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Anyone know how to convert GR to lat/long 


18/06/2014 1:08:35 PM

Hi,
A lot of the (old?) info around for the Grampians has 6digit grid references e.g. Blockbuster Buttress at GR 341880.
Anyone know how to convert these to lat/long for GPS? There's a calculator on the Geoscience Australia website but it's looking for more digits and/or additional map reference information.
Tks
Steve

18/06/2014 2:03:56 PM

I think by definition a grid reference is a grid reference to a particular map, so you would certainly need to know that information to convert it. A grid reference is not some sort of universal location system.

18/06/2014 2:15:15 PM

The Grampians references are either for the 1:25000 series or the 1:100000 series.
The 1:25000 map uses the Australian Geodetic datum 1966 and I beleve the 1:100000 is based on the 1:25000
I haven't worked out the conversion but this web page might help :
http://www.ga.gov.au/earthmonitoring/geodesy/geodetictechniques/calculationmethods.html

18/06/2014 2:33:07 PM

>>? There's a calculator on the Geoscience Australia website but it's looking for more digits and/or additional map reference information.
You are correct:
1/. These numbers are an abbreviated version of the full Eastings and Northings (6 and 7 digits respectively, in metres), and
2/. You will also need to know the Projection in which these coordinates have been measured, which will be a function of the year they were provided. The 3 most recent Projections were AGD66, AGD84 and GDA94, the last 2 digits (obviously) representing the year that projection was created (and generally was then used in preference to the previous projections. So if the map/booklet your GR numbers have coem from was circa 1990, most likely the GR values are using AGD84
3/. You will also need to know the UTM zone within these projections: the Grampians in I think in zone 54, whilst Melbourne is on Zone 55.
To flesh out the GR numbers, as an example Halls Gap in AGD84 (Zone 54) has coordinates of approx 634200E 5887400N, which I think would equate to GR 342 874. IE (I am rusty) I think GR numbers represent multiples of hundreds of metres.

18/06/2014 2:40:45 PM

I use the same version of equation as above.
NB: i get lost a lot...................

18/06/2014 2:47:01 PM

Whew, my rustiness is not as bad as I thought!
http://www.diamondspirit.net/adunk/MapsAndDatums.html
So GR 341880 should equate to 634100E and 5888000N, but you will need to double check the Projection, as previously stated.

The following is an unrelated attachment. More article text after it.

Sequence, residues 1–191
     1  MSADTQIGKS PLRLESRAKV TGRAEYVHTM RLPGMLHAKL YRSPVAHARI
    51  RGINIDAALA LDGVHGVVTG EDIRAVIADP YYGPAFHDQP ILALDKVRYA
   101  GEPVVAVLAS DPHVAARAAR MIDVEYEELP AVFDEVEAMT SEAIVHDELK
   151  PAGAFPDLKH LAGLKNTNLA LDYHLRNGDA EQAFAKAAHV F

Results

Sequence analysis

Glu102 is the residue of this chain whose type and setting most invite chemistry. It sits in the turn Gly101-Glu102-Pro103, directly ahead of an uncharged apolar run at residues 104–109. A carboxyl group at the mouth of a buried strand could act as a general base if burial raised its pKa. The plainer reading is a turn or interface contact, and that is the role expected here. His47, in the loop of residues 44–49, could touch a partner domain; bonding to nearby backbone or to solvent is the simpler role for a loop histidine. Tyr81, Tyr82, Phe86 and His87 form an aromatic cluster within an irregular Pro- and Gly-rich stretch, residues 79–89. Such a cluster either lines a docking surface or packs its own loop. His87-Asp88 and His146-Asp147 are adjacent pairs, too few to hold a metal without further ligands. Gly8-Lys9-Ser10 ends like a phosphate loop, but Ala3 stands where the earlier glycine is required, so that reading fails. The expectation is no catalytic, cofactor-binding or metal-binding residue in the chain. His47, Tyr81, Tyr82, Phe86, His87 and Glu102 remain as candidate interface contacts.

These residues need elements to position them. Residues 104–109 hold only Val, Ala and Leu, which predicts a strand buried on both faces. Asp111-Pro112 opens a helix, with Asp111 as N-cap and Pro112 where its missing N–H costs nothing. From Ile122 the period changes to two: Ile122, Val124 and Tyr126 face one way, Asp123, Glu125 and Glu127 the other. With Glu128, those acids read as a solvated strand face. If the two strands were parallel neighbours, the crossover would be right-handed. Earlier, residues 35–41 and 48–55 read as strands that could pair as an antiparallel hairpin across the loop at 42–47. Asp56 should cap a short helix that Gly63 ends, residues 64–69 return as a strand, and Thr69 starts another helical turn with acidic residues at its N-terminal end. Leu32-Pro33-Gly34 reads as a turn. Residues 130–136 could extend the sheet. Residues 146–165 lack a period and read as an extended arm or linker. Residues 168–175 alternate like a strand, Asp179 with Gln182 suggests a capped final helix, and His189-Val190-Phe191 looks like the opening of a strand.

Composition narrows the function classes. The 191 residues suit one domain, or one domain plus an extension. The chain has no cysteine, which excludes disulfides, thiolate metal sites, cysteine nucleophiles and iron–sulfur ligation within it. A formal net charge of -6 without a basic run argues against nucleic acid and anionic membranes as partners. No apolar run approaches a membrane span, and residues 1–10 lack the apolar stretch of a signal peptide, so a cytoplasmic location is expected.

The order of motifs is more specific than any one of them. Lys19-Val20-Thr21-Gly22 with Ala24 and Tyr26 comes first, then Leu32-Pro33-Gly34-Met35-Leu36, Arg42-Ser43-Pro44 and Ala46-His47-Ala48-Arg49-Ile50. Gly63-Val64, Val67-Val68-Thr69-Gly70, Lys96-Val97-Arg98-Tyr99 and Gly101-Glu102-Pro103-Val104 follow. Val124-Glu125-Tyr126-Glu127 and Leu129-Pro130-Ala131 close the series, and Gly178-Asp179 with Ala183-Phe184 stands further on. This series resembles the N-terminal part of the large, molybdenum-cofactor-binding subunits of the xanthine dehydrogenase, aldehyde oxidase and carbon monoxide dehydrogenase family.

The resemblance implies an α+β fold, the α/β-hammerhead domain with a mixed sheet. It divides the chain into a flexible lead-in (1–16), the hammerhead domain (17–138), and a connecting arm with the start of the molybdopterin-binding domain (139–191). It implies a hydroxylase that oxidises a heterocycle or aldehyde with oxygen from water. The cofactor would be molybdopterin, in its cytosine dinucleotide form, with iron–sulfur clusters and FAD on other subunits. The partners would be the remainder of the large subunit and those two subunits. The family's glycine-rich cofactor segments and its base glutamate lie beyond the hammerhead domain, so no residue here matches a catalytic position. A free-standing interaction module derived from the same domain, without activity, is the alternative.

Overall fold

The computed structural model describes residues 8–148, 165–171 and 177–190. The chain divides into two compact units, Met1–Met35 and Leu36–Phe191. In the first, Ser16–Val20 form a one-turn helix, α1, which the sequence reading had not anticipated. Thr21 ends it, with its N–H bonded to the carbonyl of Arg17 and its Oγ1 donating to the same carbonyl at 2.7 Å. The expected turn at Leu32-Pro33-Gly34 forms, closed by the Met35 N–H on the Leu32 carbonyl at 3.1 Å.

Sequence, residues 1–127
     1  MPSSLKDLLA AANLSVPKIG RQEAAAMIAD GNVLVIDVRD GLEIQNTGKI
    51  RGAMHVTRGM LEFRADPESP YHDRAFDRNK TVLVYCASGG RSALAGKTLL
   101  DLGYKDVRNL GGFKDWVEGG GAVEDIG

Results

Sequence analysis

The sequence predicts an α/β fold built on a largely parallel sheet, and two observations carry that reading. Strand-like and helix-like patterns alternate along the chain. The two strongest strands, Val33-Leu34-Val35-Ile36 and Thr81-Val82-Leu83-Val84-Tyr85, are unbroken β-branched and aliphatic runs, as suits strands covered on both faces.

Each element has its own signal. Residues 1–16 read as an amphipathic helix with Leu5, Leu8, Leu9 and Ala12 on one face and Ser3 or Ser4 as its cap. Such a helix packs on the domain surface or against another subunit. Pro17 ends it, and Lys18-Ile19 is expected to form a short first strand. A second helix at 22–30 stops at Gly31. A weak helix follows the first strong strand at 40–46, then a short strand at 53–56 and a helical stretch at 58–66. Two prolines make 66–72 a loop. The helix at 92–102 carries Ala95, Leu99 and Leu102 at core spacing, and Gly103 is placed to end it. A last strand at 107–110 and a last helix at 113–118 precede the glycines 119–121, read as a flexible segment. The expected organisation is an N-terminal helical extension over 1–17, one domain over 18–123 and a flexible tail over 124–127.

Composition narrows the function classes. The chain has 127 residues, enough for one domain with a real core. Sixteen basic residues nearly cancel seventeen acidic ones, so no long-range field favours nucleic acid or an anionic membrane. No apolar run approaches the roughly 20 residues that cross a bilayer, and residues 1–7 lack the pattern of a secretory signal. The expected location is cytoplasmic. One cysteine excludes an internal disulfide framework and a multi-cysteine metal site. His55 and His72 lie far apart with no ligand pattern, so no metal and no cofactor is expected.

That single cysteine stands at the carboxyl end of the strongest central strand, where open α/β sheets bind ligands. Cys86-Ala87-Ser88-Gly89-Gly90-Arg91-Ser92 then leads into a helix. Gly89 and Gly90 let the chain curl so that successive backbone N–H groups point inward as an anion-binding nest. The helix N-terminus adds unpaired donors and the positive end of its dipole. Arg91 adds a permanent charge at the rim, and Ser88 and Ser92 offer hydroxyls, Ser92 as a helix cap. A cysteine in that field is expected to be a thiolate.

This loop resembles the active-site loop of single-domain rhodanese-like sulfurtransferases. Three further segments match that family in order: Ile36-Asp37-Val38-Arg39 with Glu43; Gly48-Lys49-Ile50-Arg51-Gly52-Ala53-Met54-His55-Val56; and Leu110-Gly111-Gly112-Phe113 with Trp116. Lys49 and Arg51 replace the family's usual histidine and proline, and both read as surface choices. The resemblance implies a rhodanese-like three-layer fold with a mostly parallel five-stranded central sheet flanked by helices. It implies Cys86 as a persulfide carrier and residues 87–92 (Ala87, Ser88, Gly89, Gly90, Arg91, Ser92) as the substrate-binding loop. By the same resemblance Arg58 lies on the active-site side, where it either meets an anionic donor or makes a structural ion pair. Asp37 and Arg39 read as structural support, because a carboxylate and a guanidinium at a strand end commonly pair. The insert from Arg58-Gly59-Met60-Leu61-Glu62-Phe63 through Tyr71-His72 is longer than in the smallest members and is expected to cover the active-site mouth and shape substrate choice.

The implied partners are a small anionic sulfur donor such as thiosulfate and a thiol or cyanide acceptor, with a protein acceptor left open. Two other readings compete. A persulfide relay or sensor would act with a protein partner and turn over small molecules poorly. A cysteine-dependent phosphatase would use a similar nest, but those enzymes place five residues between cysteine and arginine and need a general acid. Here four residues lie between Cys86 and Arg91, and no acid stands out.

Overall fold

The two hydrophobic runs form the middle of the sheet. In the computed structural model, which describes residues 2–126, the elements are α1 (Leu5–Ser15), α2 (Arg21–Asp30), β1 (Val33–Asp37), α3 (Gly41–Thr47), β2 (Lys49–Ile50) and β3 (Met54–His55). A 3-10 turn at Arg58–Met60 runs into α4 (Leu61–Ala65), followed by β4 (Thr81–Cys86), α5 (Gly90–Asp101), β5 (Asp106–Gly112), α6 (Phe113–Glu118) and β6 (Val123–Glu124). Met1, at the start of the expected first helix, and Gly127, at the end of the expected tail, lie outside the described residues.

18/06/2014 2:54:28 PM

The easiest way is to get a copy of the original 1:25,000 VICmap. The sixdigit GR (three digit Easting followed by three digit Northing) is an abbreviation of a much longer GR which will be on any map of the area. However, my understanding is that the grid used for Victoria changed in 2000 from AGD66 to GDA94 so you probably need a map of the area printed before then.
I don't have such a map handy, but I'm sure another chockstoner will.How many digits do you need for the calculator? The map should provide at least another two digits for each of the easting and northing. The extra digits will apply to all the other GR's you have.

18/06/2014 2:55:18 PM

Hmm. I tried those coordinates in Google Maps & got Dujian Mountain in Tibet.
Looks cool  have fun!

18/06/2014 3:16:14 PM

On 18/06/2014 gnarly_rider wrote:
>
>2/. You will also need to know the Projection in which these coordinates
>have been measured, which will be a function of the year they were provided.
>The 3 most recent Projections were AGD66, AGD84 and GDA94, the last 2 digits
>(obviously) representing the year that projection was created (and generally
>was then used in preference to the previous projections. So if the map/booklet
>your GR numbers have coem from was circa 1990, most likely the GR values
>are using AGD84
>
All good, but AGD66, AGD84 and GDA94 are not projections they are just coordinate systems.

18/06/2014 4:23:33 PM

Thanks all. I'll investigate further based on these suggestions.
Gnarly, I punched in the numbers you suggested, and ended up at 37.144774, 142.509967, which is certainly in the right area (east of Halls Gap). I'll need to check against some known references.

18/06/2014 5:13:19 PM

From my Halls Gap 1:25000 map I read the summit of Bellfield peak as 6347 (e) 58856 (n) , which is shown in the Baxter guide as GR 347856.
Punched into the Redfearns calculator spreadsheet that I downloaded from ga.gov.au (zone 54, east 634700.00, north 5885600.00) gave 37 09 58 E 142 30 57 N which is fairly close to a GR that I've got for the top of Rolling Thunder which is a bit south of the summit.
(edited for consistency with guidebook)

18/06/2014 6:17:13 PM

Probably much easier to change the settings in your GPS to the correct map datum for the grid references. Then you can just punch in the grid refs you have and it'll take you there.
The biggest mistake most people seem to make with GPS is to not set the unit to the map datum for the map you are using. Get a copy of the map, the map datum will be on it.
I've got an ancient first gen. Garmin and even it can be set to all the map datums for Oz.
G.

18/06/2014 7:49:02 PM

>Anyone know how to convert GR to lat/long
Joe Grollo does.

19/06/2014 6:48:34 AM

Mr Poopy hit the nail on the head. Just use your GPS to convert between different position formats. Just make sure the map datum is correct as that is another variable.